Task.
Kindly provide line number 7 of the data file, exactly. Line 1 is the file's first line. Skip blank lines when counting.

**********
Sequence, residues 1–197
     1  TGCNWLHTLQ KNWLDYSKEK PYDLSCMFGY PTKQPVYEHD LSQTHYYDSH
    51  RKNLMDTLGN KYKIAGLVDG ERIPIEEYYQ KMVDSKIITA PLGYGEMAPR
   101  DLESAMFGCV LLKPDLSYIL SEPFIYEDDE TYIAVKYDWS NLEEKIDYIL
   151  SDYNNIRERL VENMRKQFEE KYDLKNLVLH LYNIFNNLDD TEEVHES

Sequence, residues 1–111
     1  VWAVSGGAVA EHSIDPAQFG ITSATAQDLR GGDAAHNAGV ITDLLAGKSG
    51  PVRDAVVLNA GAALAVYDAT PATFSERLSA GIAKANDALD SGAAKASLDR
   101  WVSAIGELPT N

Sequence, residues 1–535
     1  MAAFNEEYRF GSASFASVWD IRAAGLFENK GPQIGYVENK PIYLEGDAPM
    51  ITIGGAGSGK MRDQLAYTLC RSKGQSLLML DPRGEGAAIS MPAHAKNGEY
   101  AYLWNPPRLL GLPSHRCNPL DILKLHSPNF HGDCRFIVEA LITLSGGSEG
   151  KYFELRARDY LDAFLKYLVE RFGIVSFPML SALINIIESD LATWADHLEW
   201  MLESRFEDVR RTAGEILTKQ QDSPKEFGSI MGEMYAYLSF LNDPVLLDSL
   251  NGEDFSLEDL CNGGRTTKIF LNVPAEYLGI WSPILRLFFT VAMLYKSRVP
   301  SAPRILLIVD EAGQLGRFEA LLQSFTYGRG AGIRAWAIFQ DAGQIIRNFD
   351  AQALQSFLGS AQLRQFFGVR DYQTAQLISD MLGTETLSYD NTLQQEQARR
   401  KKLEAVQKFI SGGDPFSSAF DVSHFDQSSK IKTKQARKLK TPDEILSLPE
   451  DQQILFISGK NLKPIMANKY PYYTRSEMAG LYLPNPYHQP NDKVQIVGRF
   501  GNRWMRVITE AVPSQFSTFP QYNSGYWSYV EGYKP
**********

     1  VWAVSGGAVA EHSIDPAQFG ITSATAQDLR GGDAAHNAGV ITDLLAGKSG